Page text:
Some years ago, I had been working in psychotherapy with a woman artist, Natasha, for a couple of years or so. Her paintings displayed vivid abstract images of violent intrusions, explosions of red engulfed by a menacing black. From the beginning, she had presented narratives of sexual and other forms of abuse by her father, a senior manager in public services. She appeared to have a confused perception of her father, perceiving him at one moment as a monstrous perpetrator of crimes against her, and at other times believing that he was the only one who loved her.
These conflict-laden perspectives were also at times expressed in the transference. For example, she once tearfully exclaimed that I obviously did not care about her because I did not abuse her. Do you think I'm making all this up? It is my experience that people with DID are likely to describe having experienced severe and ongoing emotional, physical, and sexual abuse from an early age, and it will be extremely important to them that we believe their account. They may also describe committing such abuse themselves.
It is possible that these accounts will not be presented until several years of psychotherapy have established sufficient trust that the therapist will take them seriously. The memories of these experiences may be divided between different personalities, with amnesic barriers keeping certain memories from the awareness of other personalities.
This means that a memory of an experience may be held by a particular personality and may not be available to a patient's other personalities, leaving those personalities with no knowledge of the experience, or several personalities may remember an experience but the main personality may know nothing of the event. One of the difficulties that can face us as psychotherapists when a patient describes traumatic experiences of emotional, physical, and sexual abuse is the challenge of believing the reality of what the patient is saying, especially if the memories have not been held continuously in the patient's conscious memory.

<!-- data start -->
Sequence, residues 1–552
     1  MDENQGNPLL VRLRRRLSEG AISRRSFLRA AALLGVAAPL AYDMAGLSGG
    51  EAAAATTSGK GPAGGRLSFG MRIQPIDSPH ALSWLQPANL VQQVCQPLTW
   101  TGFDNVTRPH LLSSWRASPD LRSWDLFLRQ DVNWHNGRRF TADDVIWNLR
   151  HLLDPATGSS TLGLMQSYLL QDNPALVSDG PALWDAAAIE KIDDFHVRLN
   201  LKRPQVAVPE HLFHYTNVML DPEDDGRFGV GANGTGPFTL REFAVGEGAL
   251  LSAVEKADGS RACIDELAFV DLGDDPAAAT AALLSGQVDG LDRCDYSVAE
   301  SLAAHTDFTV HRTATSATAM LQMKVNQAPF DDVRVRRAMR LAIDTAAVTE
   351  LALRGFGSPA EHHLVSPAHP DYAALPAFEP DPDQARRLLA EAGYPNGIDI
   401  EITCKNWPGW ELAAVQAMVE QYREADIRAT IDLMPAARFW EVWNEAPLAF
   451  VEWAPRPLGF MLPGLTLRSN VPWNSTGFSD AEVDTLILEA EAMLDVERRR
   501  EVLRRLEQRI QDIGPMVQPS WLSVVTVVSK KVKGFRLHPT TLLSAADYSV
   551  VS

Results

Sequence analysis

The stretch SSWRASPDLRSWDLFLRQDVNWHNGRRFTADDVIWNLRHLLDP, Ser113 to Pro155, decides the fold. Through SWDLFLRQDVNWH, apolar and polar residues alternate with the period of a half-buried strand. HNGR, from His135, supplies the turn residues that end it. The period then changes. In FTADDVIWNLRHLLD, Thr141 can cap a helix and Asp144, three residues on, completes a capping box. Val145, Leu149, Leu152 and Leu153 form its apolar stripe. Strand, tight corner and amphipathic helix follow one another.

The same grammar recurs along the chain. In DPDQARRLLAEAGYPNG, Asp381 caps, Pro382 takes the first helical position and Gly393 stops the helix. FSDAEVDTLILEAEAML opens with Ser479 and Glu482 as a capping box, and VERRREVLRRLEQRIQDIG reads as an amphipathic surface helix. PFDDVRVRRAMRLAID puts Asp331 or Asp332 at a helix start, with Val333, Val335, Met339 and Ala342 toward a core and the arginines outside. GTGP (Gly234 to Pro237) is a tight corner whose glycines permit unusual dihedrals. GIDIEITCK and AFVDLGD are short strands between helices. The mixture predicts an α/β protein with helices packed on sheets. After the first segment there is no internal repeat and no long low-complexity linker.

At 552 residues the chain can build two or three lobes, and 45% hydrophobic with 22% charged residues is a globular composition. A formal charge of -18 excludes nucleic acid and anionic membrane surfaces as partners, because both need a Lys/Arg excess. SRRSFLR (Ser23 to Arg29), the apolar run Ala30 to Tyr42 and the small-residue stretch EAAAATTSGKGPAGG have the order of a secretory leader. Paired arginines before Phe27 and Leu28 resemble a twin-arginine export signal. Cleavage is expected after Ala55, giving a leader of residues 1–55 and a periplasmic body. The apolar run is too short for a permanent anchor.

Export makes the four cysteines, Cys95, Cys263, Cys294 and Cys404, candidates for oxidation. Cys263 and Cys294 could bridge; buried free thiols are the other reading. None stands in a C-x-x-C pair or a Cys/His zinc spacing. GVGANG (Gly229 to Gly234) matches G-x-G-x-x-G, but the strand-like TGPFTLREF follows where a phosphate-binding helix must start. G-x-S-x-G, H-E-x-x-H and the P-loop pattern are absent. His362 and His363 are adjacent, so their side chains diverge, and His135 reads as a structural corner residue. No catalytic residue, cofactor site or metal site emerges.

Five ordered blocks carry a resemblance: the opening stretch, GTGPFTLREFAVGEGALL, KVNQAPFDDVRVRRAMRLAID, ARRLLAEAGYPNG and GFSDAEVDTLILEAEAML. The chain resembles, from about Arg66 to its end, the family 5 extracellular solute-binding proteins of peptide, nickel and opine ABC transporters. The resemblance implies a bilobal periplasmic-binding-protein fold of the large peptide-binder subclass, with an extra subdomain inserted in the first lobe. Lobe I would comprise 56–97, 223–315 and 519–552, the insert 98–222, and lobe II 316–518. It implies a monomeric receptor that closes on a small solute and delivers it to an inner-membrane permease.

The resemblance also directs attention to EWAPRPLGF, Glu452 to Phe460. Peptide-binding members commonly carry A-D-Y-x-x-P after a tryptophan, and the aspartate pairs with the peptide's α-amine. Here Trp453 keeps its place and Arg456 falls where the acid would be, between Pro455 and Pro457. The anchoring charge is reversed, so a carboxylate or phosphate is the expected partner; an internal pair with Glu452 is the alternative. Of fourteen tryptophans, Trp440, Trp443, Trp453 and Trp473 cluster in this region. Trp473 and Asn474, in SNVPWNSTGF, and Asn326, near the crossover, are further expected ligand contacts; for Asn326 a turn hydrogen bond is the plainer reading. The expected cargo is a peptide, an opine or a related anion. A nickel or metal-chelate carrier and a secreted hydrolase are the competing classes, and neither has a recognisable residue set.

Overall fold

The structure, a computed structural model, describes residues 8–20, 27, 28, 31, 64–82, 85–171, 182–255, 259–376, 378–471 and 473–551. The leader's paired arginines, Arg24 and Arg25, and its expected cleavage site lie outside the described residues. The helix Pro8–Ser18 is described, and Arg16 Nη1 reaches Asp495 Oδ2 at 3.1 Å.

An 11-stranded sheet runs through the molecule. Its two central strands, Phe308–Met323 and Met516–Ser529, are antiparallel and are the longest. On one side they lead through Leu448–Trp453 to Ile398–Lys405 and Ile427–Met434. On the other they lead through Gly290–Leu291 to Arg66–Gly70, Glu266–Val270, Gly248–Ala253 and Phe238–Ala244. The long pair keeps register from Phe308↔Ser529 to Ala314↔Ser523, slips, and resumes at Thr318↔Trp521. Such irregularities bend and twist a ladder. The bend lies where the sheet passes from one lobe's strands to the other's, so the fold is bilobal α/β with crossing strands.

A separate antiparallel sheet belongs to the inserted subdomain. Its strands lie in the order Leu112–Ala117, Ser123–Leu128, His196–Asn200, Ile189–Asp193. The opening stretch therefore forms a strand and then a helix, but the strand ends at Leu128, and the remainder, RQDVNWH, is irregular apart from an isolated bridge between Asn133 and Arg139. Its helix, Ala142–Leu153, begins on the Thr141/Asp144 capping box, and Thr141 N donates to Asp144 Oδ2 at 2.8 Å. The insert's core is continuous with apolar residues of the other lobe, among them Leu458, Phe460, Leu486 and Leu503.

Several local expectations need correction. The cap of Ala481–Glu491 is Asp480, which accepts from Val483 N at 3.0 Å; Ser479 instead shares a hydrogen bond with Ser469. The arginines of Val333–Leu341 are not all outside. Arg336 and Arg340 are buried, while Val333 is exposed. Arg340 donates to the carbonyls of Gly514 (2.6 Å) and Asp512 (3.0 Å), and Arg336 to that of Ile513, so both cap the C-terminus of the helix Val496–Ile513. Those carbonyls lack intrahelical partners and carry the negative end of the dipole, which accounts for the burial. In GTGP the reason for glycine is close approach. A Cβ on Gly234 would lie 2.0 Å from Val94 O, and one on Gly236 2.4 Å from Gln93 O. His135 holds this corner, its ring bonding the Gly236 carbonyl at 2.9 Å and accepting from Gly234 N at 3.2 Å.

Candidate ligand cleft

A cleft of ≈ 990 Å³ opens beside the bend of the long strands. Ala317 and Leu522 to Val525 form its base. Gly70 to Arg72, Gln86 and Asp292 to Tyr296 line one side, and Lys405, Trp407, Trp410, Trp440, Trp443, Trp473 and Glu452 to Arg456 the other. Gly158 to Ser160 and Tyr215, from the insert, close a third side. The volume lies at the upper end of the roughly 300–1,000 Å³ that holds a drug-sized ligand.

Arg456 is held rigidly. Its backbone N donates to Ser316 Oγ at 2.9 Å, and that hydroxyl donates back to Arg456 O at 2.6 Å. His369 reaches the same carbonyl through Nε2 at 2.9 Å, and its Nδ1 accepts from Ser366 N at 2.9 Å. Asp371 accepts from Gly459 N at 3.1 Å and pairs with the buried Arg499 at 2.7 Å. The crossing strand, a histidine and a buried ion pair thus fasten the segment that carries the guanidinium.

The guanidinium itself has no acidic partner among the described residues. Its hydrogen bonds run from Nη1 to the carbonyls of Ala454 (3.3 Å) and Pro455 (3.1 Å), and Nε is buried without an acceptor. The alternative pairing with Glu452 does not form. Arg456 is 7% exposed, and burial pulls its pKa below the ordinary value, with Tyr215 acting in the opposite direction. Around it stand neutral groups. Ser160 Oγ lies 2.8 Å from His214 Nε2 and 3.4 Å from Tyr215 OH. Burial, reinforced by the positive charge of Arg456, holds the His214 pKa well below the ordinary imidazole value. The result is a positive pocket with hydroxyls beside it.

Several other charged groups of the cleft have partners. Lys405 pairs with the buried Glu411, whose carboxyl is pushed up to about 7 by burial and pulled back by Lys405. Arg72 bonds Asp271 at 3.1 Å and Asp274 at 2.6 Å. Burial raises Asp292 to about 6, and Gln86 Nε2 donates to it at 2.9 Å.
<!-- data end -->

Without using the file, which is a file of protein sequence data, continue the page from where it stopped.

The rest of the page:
This chapter explores some of the clinical implications of a psychotherapist either believing or not believing a DID patient's memories of extreme abuse and the effect that the therapist's response may have on the patient. Ross describes a deliberate creation of DID through government-sponsored mind-control programs. Van der Hart, Nijenhuis, and Steele coin and describe structural dissociation as the result of chronic, especially but not only early, traumatization.
Liotti , Southgate , Sinason , and others have written about the link between trauma and dissociation from an attachment perspective, focusing on disorganized attachment as the almost inevitable sequel of severe relational trauma. I would appreciate the opportunity to share my thoughts about some clinical issues regarding the treatment of the patient that we share, who has dissociative identity disorder.
Perhaps it would be helpful if I gave you some of the background. I had been Katie's GP for several years and had known her as a quite regular attender—an unhappy woman of about 40, with recurrent depression and intermittent contact with the Community Mental Health Team. There had been a few attempted overdoses in the past, and a suggestion of some sort of personality disorder, never finalized. And so I entered into the confusing world of DID. At times it feels like a Hitchcock story rather than an actual medical condition, and, for the GP, the almost constant underlying feeling is that you are joining and possibly increasing your patient's delusion, rather than helping and treating a very difficult psychological condition.
Forensic Aspects of Dissociative Identity Disorder